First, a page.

Well, in the case of Israel, I don’t know the specifics. But I think quite generally people who complain about mass culture have in mind something that would be better for the masses to pay attention to. Religious folks may prefer that people watch religious propaganda of one kind or another, although that’s not necessarily so. It would depend on the person and the argument.

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Posted: 29 September 2007 10:21 AM   [ Ignore ]   [ # 8 ]
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So, how is it in America?

What is it that they are complaining about, and what bothers them?

Are they bothered about the shallowness of pop-culture?

[ Edited: 29 September 2007 10:29 AM by wandering ]
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Posted: 29 September 2007 10:35 AM   [ Ignore ]   [ # 9 ]
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Interesting thread.  I like morgantj’s point about the relation between religion and pop culture.  They certainly do share many characteristics.

I also agree with both Doug and mckenzievmd who illustrate two possible extremes.
Much of pop culture is quite dumbed down, and I think that this is largely due to the way in which it caters so directly to consensus mass appeal.  In our sort of economy, that’s where the money is.  Such an approach could not possibly encourage the masses to think critically or to enrich themselves through the exploration of novel or more learned material.  I am inclined to believe that it would not only cater to the lowest common denominator, but over time would would encourage intellectual degeneration.  Of course, there is a danger in assuming that anything that is popular is bad and there are many wonderful things in both life and in media that don’t require much deep or critical thought.  There could arise some pretty nasty problems if we were to either attempt to governmentally control the voice of the media mainstream or allow the mainstream to monopolize the whole of the media platform.

I think that these points do also ring true with religion, particularly regarding the manner in which religion unites individuals in tribes and establishes ingroups and outgroups.  It would not help anyone to attempt to ban or forbid religious activity or persecute religious individuals.  However, it is vital that alternative viewpoints have a platform and that religious ideas be engaged critically.  And, without fear of reprisal outside of the intellectual sphere.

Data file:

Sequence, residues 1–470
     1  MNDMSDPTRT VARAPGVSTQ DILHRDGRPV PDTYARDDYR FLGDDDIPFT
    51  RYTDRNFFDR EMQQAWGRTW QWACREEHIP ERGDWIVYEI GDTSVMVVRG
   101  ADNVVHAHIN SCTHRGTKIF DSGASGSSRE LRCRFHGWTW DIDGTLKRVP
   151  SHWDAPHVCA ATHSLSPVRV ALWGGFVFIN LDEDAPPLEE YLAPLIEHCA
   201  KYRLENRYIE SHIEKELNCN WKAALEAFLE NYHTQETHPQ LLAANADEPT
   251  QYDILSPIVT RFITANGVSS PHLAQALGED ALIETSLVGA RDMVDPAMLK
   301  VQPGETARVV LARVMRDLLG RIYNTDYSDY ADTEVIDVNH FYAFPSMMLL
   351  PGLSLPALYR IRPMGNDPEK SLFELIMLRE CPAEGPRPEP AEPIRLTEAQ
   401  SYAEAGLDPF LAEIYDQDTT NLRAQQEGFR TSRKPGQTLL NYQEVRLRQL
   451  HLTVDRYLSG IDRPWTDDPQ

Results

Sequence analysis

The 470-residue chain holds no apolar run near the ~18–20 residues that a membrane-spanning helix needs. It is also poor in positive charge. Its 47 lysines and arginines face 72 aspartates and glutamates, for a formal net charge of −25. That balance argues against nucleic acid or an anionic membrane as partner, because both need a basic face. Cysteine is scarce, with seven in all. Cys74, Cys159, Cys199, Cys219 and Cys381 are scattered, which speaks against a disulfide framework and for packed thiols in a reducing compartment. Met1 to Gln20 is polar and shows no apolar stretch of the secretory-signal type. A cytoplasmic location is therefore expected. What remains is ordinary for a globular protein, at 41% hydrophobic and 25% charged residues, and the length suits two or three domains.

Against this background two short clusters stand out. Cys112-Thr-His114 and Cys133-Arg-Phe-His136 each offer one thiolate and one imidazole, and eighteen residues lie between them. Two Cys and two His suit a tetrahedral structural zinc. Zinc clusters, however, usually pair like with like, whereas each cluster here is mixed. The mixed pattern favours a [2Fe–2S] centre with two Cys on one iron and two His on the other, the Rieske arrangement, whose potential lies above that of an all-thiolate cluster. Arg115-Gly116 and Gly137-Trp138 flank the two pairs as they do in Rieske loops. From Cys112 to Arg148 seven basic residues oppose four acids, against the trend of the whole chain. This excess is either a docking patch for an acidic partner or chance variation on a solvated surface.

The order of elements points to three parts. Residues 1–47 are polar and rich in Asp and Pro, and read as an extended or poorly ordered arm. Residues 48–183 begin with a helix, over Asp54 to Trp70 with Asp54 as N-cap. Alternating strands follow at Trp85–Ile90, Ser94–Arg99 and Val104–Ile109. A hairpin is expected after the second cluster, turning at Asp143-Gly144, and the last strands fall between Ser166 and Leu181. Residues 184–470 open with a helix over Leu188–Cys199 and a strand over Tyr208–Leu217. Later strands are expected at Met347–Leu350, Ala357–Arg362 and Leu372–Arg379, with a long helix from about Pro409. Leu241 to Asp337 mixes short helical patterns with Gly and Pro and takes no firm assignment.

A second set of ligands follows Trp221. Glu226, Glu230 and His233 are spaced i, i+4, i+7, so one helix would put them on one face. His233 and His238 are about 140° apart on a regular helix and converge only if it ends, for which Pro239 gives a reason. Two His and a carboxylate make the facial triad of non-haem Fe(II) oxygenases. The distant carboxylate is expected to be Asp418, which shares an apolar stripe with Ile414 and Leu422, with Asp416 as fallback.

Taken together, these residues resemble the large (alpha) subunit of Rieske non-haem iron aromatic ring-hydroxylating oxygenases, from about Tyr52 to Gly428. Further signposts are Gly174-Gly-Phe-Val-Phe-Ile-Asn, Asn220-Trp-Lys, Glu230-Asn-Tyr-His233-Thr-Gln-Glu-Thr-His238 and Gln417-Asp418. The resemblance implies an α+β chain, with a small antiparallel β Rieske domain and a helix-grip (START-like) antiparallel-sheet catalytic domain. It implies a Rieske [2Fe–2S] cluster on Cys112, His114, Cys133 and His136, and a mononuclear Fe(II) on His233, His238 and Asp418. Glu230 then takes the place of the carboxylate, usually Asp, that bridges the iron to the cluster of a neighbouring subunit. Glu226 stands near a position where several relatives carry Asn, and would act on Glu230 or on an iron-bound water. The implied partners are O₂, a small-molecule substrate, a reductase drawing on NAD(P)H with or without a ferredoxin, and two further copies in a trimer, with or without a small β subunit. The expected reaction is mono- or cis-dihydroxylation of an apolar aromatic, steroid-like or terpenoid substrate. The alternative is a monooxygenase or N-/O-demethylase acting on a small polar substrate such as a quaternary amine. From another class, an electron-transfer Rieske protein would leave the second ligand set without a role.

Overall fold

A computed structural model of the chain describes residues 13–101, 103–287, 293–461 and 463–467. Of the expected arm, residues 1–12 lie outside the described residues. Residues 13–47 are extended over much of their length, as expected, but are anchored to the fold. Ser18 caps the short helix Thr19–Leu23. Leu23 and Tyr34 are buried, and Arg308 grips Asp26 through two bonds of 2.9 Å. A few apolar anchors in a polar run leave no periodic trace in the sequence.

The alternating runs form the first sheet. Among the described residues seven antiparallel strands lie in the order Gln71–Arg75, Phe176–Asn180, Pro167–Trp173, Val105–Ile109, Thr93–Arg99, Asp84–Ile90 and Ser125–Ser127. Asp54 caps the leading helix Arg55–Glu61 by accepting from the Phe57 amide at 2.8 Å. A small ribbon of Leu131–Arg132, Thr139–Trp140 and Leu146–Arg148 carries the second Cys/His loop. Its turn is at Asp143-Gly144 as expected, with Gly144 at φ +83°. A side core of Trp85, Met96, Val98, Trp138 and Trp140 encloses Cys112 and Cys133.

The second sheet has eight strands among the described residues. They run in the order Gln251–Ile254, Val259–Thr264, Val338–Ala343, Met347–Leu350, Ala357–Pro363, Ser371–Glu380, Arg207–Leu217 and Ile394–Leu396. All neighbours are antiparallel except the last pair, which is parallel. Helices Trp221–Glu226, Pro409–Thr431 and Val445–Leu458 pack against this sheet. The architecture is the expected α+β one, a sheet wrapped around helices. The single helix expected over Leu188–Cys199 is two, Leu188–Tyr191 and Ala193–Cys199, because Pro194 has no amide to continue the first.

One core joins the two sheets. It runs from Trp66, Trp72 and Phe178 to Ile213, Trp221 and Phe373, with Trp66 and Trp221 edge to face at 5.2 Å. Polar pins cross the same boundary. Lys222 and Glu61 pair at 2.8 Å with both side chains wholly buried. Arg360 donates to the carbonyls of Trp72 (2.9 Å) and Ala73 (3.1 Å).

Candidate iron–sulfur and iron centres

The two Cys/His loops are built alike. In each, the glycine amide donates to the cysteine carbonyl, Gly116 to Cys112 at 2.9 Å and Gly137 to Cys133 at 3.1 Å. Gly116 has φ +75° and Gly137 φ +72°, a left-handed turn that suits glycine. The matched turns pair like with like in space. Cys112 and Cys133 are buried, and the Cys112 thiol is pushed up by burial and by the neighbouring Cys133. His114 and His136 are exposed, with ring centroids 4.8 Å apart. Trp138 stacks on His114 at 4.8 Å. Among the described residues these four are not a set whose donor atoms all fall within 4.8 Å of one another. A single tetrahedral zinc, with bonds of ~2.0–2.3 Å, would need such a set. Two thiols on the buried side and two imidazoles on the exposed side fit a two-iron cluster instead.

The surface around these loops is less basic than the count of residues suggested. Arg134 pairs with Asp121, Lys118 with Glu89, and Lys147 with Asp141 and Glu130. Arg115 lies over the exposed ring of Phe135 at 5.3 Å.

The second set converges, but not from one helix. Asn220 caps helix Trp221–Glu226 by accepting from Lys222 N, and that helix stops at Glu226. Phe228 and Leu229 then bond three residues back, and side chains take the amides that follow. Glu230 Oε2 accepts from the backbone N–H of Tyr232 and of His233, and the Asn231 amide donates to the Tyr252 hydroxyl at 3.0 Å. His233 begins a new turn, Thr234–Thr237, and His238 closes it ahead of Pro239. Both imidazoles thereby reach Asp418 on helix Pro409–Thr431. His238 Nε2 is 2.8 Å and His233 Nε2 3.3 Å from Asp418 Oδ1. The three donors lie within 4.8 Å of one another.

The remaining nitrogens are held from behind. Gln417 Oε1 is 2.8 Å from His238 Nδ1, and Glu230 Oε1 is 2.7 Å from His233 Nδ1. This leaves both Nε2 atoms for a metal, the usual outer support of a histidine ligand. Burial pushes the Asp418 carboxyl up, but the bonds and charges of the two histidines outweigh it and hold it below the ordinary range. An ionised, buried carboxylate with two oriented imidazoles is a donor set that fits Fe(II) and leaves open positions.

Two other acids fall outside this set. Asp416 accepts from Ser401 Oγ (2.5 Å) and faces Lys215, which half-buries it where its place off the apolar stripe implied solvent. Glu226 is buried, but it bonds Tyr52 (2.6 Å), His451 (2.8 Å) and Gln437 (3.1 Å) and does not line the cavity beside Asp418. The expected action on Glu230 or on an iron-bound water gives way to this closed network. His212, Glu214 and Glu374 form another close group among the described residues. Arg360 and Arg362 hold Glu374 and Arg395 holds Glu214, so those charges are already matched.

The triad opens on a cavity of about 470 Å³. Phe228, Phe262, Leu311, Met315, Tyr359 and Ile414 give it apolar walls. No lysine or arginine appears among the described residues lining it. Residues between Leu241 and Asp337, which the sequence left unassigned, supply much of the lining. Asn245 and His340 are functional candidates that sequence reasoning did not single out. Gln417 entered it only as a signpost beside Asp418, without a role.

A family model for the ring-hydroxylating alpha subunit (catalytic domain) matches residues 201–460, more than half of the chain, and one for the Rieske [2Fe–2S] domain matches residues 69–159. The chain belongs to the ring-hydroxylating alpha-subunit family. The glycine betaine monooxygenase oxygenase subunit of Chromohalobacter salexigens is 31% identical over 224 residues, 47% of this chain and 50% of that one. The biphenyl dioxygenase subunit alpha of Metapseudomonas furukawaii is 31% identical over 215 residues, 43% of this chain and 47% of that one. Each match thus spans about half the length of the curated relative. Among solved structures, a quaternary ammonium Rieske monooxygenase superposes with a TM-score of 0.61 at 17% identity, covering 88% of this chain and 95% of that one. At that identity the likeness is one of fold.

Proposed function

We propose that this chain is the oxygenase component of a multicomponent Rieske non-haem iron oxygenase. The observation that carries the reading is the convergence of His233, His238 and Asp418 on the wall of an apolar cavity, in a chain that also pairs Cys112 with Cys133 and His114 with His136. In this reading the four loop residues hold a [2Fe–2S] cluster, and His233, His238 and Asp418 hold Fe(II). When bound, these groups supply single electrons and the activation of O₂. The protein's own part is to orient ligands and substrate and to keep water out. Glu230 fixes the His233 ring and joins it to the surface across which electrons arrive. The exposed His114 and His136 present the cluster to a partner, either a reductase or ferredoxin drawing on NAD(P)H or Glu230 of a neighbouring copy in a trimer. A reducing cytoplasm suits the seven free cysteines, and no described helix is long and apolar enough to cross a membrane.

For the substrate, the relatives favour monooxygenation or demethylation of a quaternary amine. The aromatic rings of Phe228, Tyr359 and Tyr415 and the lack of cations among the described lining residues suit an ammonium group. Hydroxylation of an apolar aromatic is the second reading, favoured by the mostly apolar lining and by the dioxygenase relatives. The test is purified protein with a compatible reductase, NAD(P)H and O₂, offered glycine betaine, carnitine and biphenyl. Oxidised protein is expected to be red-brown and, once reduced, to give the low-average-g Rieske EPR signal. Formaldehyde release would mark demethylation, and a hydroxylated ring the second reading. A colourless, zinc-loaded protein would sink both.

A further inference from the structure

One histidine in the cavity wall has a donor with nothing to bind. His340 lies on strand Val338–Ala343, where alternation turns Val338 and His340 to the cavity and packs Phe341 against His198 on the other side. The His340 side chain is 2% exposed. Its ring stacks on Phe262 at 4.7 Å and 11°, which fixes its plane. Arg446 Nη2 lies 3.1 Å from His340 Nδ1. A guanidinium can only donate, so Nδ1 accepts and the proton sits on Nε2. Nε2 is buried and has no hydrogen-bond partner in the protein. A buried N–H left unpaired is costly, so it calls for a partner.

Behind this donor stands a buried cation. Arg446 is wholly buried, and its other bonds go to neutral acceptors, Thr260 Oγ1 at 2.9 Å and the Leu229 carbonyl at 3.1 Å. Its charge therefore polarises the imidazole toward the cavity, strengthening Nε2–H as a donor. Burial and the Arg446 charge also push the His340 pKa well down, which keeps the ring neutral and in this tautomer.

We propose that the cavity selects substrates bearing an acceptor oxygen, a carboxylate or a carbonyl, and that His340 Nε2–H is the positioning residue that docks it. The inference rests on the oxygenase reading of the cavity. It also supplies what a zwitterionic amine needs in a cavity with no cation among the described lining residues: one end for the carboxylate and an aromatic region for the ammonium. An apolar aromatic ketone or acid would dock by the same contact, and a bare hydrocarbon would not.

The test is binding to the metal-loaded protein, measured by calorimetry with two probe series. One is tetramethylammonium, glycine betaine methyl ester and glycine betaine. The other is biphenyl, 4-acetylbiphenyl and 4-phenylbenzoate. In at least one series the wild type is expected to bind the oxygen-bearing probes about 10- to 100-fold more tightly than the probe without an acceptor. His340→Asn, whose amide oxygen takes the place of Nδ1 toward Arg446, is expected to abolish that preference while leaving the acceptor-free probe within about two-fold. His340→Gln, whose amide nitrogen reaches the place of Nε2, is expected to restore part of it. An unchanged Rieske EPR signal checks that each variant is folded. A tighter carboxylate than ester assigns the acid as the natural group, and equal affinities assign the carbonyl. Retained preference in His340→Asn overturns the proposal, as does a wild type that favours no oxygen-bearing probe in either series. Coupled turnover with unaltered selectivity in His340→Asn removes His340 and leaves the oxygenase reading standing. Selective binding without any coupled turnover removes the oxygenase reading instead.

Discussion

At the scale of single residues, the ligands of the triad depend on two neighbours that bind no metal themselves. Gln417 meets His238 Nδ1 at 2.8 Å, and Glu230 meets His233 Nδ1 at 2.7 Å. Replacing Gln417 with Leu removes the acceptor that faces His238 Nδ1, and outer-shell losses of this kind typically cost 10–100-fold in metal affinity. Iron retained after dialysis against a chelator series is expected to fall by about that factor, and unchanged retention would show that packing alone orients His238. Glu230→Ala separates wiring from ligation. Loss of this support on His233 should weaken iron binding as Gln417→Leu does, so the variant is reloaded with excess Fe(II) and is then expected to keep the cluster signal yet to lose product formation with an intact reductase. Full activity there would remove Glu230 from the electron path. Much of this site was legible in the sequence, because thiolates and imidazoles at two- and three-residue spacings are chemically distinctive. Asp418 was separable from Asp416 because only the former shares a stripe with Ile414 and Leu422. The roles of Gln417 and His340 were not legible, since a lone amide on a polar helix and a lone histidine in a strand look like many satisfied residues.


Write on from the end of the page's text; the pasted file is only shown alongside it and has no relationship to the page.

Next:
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Posted: 29 September 2007 10:44 AM   [ Ignore ]   [ # 10 ]
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wandering - 29 September 2007 10:21 AM

So, how is it in America?

What is it that they are complaining about, and what bothers them?

Are they bothered about the shallowness of pop-culture?

I think that at least a few of us who have posted in this thread are Americans, so we represent a part of what America thinks.  Pop culture on the other hand is defined, at least in theory, by the fact that it is popular.  So it is also quite embraced by many Americans, as I’m sure it is in Israel if it is truly “popular.”

Israel and the United States are both nations of individuals and I think you will find a wide divergence of opinion on the topic in both places.

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Posted: 29 September 2007 11:10 AM   [ Ignore ]   [ # 11 ]
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wandering - 29 September 2007 10:21 AM

So, how is it in America?

What is it that they are complaining about, and what bothers them?

Are they bothered about the shallowness of pop-culture?

By “they” do you mean the religious conservatives?

I think they complain mostly about non-religious or non-sanctioned lifestyles being depicted in a positive light on regular programming. (Gays, single mothers, etc.) They also object to sex and to what they view as liberal politics.

I rarely see religious conservatives complain about rampant violence, although frankly that appears to me to be more problematic for young kids than sex. But at any rate I would never be in favor of broad censorship. European TV may be just as lowbrow as US, but at least they are a bit more comfortable with the human body.

Of course, I am sure that many religious conservatives also object to lowbrow TV quite generally, and on that we can all be in some measure of agreement.

FWIW, I watch no broadcast TV. I stick to PBS and cable documentaries, as well as nature shows by David Attenborough, Teaching Company videos and the like. But that’s purely out of my own interests. To each his or her own.

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Posted: 29 September 2007 06:51 PM   [ Ignore ]   [ # 12 ]
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What????  Doug and Brennen, you mean you don’t watch wrestling and those gawd-awful reality shows?  LOL

Occam

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Posted: 29 September 2007 11:44 PM   [ Ignore ]   [ # 13 ]
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Occam - 29 September 2007 06:51 PM

What????  Doug and Brennen, you mean you don’t watch wrestling and those gawd-awful reality shows?  LOL

No ...

downer

What am I missing, pray tell?

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Posted: 30 September 2007 12:32 AM   [ Ignore ]   [ # 14 ]
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Don’t feel so bad.  I don’t watch them either.

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“Sometimes in order to see the light, you have to risk the dark.” ~ Iris Hineman (Lois Smith) The Minority Report

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Posted: 30 September 2007 07:31 PM   [ Ignore ]   [ # 15 ]
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[quote=doug]What am I missing, pray tell?

I don’t know.  I’d have to watch them to know what to tell you. LOL

Occam